At first glance Swift Playgrounds looks a bit like a toy, but appearances are deceiving here. Swift Playgrounds provides full access to almost all parts of the iOS APIs that programmers use to develop full iOS applications. You can’t actually develop an iOS application in Swift Playgrounds, though. The system is designed for learning how to program first and for exploring and learning the iOS APIs.
Some of those APIs are very powerful. Programmers have access to views like WebKit – the view that powers Safari. It’s possible to build a (very basic) web browser right inside Swift Playgrounds. Playgrounds allows access to most of the iOS APIs, including things like SceneKit, CoreLocation and others. The only major API I found that didn’t work was MapKit.
Learn to Code 1 and 2
Swift Playgrounds introduces a new kind of interactive textbook to go alongside the Swift Playground file that Xcode introduced a few years ago.
A “Swift Playground Book” is a document that allows the author to create multiple pages of content interspersed with working program code that the learner can edit and run. The first two Swift Playground Books are Learn to Code 1 and 2, and they are very well done.
Learn to Code 1 is an introductory book aimed at children 9-11 years old. It teaches the basic elements of what we call Computational Thinking. Computational Thinking embodies many of the skills that programmers use to solve problems with computers.
In Learn to Code 1, the learner works through a series of problems by guiding an alien called Byte through a series of fantasy puzzle worlds. These worlds are tile-based and include interactive elements such as gems, switches and portals that Byte can interact with if the learner uses the appropriate commands.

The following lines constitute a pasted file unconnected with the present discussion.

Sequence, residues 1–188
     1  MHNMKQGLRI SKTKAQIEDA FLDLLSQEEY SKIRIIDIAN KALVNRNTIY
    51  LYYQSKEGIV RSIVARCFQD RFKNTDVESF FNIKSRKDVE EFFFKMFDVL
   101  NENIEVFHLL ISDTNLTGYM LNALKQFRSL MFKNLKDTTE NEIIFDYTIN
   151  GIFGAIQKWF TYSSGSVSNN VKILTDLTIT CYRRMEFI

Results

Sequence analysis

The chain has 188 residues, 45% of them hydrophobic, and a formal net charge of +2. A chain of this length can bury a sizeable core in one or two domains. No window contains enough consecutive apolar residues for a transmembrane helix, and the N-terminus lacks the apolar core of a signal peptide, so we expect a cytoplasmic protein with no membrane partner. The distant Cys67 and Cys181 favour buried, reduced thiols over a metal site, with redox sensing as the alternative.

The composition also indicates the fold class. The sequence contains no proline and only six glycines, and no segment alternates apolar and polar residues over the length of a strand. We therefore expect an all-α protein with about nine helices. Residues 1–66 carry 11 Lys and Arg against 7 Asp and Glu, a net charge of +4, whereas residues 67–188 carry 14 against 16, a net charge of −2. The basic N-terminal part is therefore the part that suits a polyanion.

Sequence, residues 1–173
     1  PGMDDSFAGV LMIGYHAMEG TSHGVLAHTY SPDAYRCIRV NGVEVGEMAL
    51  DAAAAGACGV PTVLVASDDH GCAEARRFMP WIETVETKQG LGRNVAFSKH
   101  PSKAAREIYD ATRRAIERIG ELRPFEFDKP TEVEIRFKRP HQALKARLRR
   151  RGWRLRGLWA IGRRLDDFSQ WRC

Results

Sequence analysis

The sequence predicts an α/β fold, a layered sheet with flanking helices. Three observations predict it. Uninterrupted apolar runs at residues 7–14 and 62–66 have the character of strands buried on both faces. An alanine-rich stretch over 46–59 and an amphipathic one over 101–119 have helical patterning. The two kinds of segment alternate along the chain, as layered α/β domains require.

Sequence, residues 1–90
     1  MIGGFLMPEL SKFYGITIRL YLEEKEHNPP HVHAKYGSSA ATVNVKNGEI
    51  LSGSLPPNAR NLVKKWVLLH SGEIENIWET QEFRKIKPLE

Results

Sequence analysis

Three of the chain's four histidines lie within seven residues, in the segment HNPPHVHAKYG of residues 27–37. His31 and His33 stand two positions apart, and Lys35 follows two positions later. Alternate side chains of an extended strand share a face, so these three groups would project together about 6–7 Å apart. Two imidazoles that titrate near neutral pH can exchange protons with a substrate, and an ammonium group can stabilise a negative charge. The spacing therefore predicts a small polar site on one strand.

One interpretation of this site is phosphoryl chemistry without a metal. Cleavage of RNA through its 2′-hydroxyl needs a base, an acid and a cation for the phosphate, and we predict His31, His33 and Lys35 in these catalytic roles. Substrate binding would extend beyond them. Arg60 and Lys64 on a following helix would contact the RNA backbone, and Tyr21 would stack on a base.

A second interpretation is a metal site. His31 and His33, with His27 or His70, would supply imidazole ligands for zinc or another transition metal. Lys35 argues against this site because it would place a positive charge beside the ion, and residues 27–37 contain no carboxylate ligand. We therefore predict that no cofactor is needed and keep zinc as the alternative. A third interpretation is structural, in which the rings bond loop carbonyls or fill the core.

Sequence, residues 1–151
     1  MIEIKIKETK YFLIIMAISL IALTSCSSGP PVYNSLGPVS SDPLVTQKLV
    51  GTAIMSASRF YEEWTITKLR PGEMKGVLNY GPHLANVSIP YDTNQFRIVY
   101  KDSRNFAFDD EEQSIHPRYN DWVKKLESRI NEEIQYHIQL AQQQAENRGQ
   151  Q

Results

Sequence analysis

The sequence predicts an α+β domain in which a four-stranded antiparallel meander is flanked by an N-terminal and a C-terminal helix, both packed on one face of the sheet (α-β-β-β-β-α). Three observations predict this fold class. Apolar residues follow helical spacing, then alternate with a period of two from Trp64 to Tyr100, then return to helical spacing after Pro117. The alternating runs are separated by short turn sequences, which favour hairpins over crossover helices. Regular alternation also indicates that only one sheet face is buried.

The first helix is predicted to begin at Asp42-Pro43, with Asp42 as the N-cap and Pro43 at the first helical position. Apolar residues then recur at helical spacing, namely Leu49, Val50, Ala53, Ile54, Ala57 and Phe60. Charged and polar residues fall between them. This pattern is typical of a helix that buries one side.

At this level, Learn to Code 1 is really all about problem solving. It introduces a number of Computer Science concepts including functions, conditionals, loops and general algorithm creation. Learners can access hints and tips as well as a provided solution for the problem if they get really stuck.
Learn to Code 2 extends this by introducing more advanced concepts such as arrays and a few concepts from object-oriented programming. It also has exercises that allow the learner to extend and manipulate the puzzle world itself. Another interesting difference is that Learn to Code 2 provides “challenge” puzzles where there is no provided solution and the learner has to work it out entirely for themselves.
Both books are beautifully produced. My first thought when I saw Byte’s puzzle world was “oh dear, my exercises won’t look as good as that!”. I believe children will find the books engaging and motivational. As a teacher, I appreciate the care that has been taken to write the content and to not make it too easy for learners. I can easily imagine some of the puzzles taking one or two hours for a beginning programmer to complete.
The format of these books has been documented by Apple and is open for others to create similar titles. The process is not particularly easy right now. There is no dedicated authoring tool except Xcode on macOS and the structure of the book is essentially a set of deeply nested folders containing Swift code and resources. It’s not particularly difficult to understand but I don’t envisage every teacher rushing to make their own Playground books just yet.
Should We Be Teaching Swift in Schools?
A perennial debate in Computer Science education is which languages should be used for teaching?